U.K. law states that no persons younger than the age of 18 can purchase fireworks, however when buying fireworks from one of our retail shops we tolerate a strict challenge 25 policy where we will ask for I.D. if we feel you look younger than this. Please do not take offence to our staff if they do ask you for I.D. this is simply to ensure we are abiding by the U.K. laws.
In the very unlikely occasion you find any of our fireworks cheaper elsewhere then we will be more than happy to beat that price.
You can legally use fireworks any day of the year between 7am and 11pm. There are extensions to this; on Guy Fawkes Night you can use them until 12am and on New Years Eve, Christmas, Chinese New Year and Divali until 1am.
We only deal with manufacturers whose fireworks comply fully with all aspects of the current fireworks safety regulation (BS7114).
It is very unusual for our fireworks to fail to go off, however it can happen. In these circumstances, do not approach the firework. It is best to leave the firework overnight then soak with water the following day, and contact your local fire service for further advice.
Yes, you can use fireworks in the rain. There are a number of ways you can do this, you can either protect the firework by placing a bag over it when it is on the ground or you can waterproof the fireworks using clingfilm.
Ensure your fireworks are stored well away from flammable materials and sources of heat such as hot water boilers or radiators.
Ensure your storage area is dry. Fireworks which have become damp should not be used, you should never attempt to dry a firework.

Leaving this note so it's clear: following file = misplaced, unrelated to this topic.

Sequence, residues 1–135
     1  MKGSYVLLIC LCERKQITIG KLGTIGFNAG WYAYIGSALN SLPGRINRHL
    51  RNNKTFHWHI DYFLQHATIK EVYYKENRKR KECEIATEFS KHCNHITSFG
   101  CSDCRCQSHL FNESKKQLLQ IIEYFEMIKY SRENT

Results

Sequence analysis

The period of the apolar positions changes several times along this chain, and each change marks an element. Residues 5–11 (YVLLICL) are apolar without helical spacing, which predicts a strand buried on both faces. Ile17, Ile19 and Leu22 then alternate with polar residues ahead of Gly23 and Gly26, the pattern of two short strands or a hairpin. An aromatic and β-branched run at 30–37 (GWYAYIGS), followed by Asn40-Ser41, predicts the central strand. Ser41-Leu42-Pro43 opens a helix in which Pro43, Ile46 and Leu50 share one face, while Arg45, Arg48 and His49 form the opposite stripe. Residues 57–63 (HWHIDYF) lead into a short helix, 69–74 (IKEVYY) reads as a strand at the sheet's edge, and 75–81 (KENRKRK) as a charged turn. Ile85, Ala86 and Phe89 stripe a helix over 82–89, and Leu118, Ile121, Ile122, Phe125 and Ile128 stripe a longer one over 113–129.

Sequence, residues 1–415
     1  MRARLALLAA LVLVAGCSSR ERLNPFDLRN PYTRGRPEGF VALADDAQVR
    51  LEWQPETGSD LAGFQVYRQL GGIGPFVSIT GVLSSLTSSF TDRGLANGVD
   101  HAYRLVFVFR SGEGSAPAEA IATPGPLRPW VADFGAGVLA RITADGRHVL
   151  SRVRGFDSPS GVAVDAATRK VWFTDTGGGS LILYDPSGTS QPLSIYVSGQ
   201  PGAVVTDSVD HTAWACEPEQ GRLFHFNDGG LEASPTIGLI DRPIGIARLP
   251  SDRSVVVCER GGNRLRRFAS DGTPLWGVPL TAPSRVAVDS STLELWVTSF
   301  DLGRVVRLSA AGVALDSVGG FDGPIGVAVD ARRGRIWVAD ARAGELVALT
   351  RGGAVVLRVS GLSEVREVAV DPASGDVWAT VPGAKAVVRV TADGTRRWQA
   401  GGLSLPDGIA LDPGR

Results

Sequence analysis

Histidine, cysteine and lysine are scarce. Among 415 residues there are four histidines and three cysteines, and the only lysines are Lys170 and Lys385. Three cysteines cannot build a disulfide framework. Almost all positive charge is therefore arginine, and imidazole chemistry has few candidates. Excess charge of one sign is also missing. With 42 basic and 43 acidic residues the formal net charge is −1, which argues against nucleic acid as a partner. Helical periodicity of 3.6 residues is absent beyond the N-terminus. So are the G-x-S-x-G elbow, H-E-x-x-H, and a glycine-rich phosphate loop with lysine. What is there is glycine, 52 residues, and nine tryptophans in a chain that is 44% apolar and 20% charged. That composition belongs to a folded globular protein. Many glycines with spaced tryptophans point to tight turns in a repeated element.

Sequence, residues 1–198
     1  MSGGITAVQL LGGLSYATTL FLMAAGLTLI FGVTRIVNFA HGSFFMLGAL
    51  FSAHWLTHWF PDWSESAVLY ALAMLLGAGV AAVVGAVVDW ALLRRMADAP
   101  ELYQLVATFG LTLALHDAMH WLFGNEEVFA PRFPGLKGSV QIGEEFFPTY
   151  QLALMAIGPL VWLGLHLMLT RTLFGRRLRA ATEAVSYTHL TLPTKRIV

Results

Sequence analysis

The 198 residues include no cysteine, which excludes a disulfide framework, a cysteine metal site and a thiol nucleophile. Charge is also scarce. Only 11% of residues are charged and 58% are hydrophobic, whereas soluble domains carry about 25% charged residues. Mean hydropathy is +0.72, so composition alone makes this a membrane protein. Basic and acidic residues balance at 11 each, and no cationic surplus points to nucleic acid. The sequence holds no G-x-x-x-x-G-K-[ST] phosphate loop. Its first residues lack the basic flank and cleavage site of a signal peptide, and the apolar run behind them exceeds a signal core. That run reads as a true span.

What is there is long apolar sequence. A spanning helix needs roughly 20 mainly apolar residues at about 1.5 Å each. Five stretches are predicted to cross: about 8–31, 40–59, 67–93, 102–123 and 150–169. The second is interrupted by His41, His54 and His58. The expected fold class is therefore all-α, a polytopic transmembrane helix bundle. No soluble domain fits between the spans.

Consider the temperature which you store fireworks at, ensuring that they are kept at a consistent temperature. Changing temperatures can cause humidity which can make your fireworks become damp so you will find a moisture trap as sold by local DIY stores useful to extract moisture from the environment.
There are four divisions which fireworks fall under, which relates to the type of item, level of hazard and net explosive content.
Category 1 or F1 Fireworks, are fireworks which are intended for use in confined areas, including fireworks which are intended for use inside domestic buildings (i.e. indoor fireworks).
Category 2 or F2 Fireworks, are fireworks which are intended for outdoor use (i.e. garden fireworks) and can have a minimum safety distance for operators of 8 metres, and spectators between 8 and 20 metres.
Category 3 or F3 Fireworks, are fireworks, which are intended for outdoor use in large open areas (i.e. display fireworks for open areas such as fields) and can have a minimum safety distance of 15 metres for operators and 25 metres for spectators.
Category 4 or F4 Fireworks, are not available to members of the public and are for use by persons with specialist knowledge (i.e. professional firework companies).
To dispose of used fireworks, they should be submerged in a bucket of water for 48 hours. This will ensure the firework is no longer explosive. Once this has been done and the firework is soaked through, it can then be disposed of in your general waste if permitted. Please check with your local council, if unsure whether or not fireworks are allowed to be disposed of in your household waste.
Keep dogs and cats inside when fireworks are being let off.Make sure your dog is walked earlier in the day before the fireworks start.
Close all windows and doors, and block off cat flaps to stop pets escaping and to keep noise to a minimum.
Draw the curtains, and if the animals are used to the sounds of TV or radio, switch them on (but not too loudly) in order to block out some of the noise of the fireworks.
Take hutches/cages into a garage or shed, or, a quiet room indoors if possible.
Give your pet extra bedding to burrow into so it feels safe.
If you are aware that horses, ponies or cattle are housed nearby, ensure you let the owners know, in advance that you intend to set off fireworks.
All days, 9:00 AM to 8:00 PM